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    Joseph Christian Leyendecker (American, 1874-1951)
    Croix de Guerre, The Saturday Evening Post cover, June 29, 1918
    Oil on canvas
    22 x 18 inches (55.9 x 45.7 cm)
    Signed lower right: JCLeyendecker

    Franklin and Marshall College, Lancaster, Pennsylvania, "A Collector's Choice: Selections from a Private Collection of Mixed Media," October 3-24, 1985;
    Millport Museum, Lititz, Pennsylvania, "Inaugural Exhibit: American Art and Illustrations," May 13-15, 1988;
    M.S. Rau, New Orleans, Louisiana, "America Illustrated: Six Decades of Saturday Evening Post Covers," November 6, 2015-January 5, 2016.

    L.S. Cutler and J.G. Cutler, J.C. Leyendecker, American Imagist, New York, 2008, p. 128, illustrated.

    The Croix de Guerre (Cross of War) is a French military distinction that was created in 1915 as an award to denote either a singular soldier or an entire military unit's heroism, as a foreign military force allied to France. In the United States military, the Croix de Guerre is accepted as a foreign decoration, remaining one of the more difficult foreign awards to verify entitlement.

    While Croix de Guerre is brilliantly executed in J.C. Leyendecker's trademark style, it is also of particular historical interest. The work depicts an older, French officer awarding an American "Doughboy" soldier with the Croix de Guerre. Published in June of 1918, this illustration dates to one year following America's initial involvement in the First World War, and precedes the war's conclusion in November of 1918 by five months.

    Following years of refusing to enter the war, the United States' decision to take the side of the Allied Nations is hailed as the war's turning point. This painting serves to represent the pride of the nation, as the bestowal of the Croix de Guerre is symbolic of Europe's recognition that the United States had become a key player on the global stage.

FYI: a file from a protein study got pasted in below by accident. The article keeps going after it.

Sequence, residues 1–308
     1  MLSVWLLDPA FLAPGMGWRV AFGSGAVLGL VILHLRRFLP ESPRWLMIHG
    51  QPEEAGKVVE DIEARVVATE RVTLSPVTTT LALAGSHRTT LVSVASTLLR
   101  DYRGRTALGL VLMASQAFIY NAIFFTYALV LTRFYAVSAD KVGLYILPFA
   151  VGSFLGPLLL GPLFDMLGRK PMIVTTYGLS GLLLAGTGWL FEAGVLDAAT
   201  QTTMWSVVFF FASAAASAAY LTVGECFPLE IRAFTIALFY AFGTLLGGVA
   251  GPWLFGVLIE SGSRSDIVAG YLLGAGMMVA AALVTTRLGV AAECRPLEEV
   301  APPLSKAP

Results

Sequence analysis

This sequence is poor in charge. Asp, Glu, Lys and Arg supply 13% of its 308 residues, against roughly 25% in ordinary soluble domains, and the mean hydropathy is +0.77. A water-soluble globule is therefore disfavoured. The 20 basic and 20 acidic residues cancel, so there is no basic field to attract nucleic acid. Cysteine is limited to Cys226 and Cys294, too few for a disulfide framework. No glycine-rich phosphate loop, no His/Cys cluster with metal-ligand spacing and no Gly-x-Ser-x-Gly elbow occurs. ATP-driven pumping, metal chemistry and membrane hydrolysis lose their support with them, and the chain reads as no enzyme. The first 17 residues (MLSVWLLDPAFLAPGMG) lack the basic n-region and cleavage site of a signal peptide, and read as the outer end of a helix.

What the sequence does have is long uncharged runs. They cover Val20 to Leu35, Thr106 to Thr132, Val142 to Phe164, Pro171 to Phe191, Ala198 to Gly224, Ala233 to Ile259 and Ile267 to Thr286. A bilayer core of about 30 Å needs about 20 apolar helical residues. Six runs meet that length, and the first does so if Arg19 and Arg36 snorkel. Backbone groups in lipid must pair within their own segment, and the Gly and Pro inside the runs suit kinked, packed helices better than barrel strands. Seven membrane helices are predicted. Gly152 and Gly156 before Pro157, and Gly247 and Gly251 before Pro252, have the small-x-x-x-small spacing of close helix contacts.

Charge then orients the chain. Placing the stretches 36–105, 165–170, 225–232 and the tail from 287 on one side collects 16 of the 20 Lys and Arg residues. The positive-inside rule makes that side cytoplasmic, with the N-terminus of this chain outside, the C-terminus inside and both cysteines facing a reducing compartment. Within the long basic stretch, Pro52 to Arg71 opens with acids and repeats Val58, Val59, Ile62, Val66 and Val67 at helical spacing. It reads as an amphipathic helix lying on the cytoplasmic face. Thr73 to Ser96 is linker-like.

The present work also displays the differing stylistic approach Leyendecker would take, depending on the subject matter as dictated by The Saturday Evening Post. While the illustrator is famed for his stylistic depictions of male subjects, in this painting a more naturalistic approach is taken. There is great care given to an authentic representation of each man's uniform and appearance to denote rank, age, and nationality. These elements, and Leyendecker's technical prowess, unite to tell a narrative specific to the United States' place in the First World War and to the politics of Europe at the time of the painting's execution.

    More information about Joseph Christian Leyendecker, also known as Leyendecker, Joseph Christian, Joseph Christian Leyendecker.

    Estimate: $200,000 - $300,000.

    Condition Report*: Condition report alliable upon request.
    Framed Dimensions 28.5 X 25 Inches
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